And the hits just keep on coming for China.
With its economy on the verge of a Japanification vicious loop, where record debts, lead to distressed selling, repayment of debt, contraction in the money supply, falling asset prices, a wave of bankruptcies, surging unemployment, a slowing economy and a crisis of confidence, which then leads to money hoarding and deflation…
… not to mention a growing property crisis, shadow banking crisis, a youth unemployment crisis, a record collapse in foreign direct investment…
… China is now also facing a sudden surge in FX outflows: according to Goldman’s preferred gauge of FX flows, China’s net outflows were $42bn in August, the fastest pace of outflows since December 2016 when China was reeling from the 2015 shock yuan devaluation, vs the already concerning $26bn outflows in July (which we discussed last month). Foreign investors’ net selling of equities through the stock connect channel rose materially in August, contributing to the acceleration of outflows. Goods trade related inflows remained robust on the other hand.
Here are the key points from the latest data:
1. In August, China experienced $24bn in net outflows via onshore outright spot transactions, and $12bn inflows via freshly entered and canceled forward transactions. Another SAFE dataset on “cross-border RMB flows” showed outflows of $31bn in the month, suggesting net payment of RMB from onshore to offshore. Goldman’s preferred FX flow measure therefore suggests a total US$42bn outflows in August, in comparison with US$26bn outflows in July, an outflow which was the highest since July 2022.
2. The current account continued to show inflows. There was a net inflow of $26bn related to goods trade in August, higher than the $18bn in July. Goods trade surplus conversion ratio rose to 38% in August vs 22% in July, in contrast to the continued depreciation of the currency. On the other hand, the services trade deficit was $14bn, more negative than $11bn in July as outbound tourism continued to recover. The income and transfers account showed outflows of $5bn in August, smaller than $6bn in July.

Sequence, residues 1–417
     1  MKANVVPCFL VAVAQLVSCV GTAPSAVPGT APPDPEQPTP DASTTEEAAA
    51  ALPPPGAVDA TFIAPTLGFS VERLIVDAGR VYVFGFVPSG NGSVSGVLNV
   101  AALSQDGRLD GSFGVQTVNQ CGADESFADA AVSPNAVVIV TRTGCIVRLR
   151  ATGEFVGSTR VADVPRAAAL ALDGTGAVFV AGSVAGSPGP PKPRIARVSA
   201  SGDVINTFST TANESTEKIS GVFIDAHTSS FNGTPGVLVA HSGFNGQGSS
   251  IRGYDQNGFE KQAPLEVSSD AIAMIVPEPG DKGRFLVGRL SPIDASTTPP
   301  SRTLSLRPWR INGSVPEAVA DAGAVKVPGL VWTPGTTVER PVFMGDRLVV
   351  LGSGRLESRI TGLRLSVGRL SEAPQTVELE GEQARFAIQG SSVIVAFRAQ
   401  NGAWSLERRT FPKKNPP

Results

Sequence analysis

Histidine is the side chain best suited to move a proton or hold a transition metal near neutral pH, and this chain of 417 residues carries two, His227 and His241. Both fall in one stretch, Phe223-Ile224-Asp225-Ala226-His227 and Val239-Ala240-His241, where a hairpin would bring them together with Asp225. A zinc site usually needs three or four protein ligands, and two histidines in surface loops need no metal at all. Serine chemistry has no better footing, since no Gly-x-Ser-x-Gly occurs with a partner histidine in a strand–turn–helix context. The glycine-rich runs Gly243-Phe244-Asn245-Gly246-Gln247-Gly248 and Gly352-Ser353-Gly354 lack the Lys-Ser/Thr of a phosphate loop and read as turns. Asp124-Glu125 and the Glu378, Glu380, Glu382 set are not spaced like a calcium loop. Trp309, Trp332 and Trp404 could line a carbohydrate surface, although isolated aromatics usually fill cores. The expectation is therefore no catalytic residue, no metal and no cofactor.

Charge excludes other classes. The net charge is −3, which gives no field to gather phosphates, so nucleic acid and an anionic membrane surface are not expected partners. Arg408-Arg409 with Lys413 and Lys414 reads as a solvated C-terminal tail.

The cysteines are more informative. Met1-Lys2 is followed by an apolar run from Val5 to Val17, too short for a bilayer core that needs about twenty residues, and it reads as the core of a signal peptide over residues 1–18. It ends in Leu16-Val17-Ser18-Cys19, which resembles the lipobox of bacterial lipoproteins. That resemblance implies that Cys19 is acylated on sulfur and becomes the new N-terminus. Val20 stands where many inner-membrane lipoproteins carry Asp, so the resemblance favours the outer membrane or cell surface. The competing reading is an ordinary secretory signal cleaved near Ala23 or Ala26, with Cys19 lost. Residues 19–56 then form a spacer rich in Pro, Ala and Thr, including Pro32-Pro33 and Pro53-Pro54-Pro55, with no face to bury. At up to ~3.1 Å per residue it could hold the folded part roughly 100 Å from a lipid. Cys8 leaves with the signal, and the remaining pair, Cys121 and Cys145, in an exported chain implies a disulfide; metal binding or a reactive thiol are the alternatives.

3. Portfolio investment channel saw faster outflows in August. Stock Connect flows showed strong net selling of equities through northbound and net buying through southbound, which implies US$22bn outflows through the Stock Connect channel, vs US$5bn inflows in July. This was the fastest pace of outflows through the Stock Connect channel since January 2021. Foreigners’ holding of RMB bonds data are not released yet.
4. Official FX reserves (released earlier in the month) declined to US$3,160bn in August from US$3,204bn in July. By Goldman’s estimate, FX valuation effects would have cut FX reserves by $19bn in August, so after adjusting for FX valuation effects, FX reserves still decreased by $25bn in July. While the unfavorable asset price effect likely contributed to this decline, the decline might not be fully explained by asset price declines, suggesting potential usage of FX reserves to manage the currency amid outflow pressures.
5. Goldman forecasts continued monetary policy easing in Q4, including a 25bp RRR cut and a 10bp policy interest rate cut. CNY exchange rate will likely continue to face depreciation pressures in the near term while policymakers maintain tight capital controls and guide market expectations to slow the depreciation trend of the currency.
And so, with China’s currency the weakest it has ever been, and with FX outflows accelerating sharply, one can’t help but remember the panic observed after the August 2015 devaluation, which not only shocked global markets but woke bitcoin from its long slumber as billions in Chinese savings scrambled to the safety of offshore bank accounts via one of the few still open cracks in China’s great monetary firewall. How long until we get a rerun?